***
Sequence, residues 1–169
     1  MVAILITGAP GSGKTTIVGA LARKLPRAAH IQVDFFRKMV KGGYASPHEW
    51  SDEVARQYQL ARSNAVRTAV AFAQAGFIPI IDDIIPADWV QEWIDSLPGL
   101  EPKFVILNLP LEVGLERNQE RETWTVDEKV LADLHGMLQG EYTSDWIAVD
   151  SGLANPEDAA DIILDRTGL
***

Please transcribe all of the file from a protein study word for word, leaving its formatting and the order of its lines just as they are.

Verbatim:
Sequence, residues 1–169
     1  MVAILITGAP GSGKTTIVGA LARKLPRAAH IQVDFFRKMV KGGYASPHEW
    51  SDEVARQYQL ARSNAVRTAV AFAQAGFIPI IDDIIPADWV QEWIDSLPGL
   101  EPKFVILNLP LEVGLERNQE RETWTVDEKV LADLHGMLQG EYTSDWIAVD
   151  SGLANPEDAA DIILDRTGL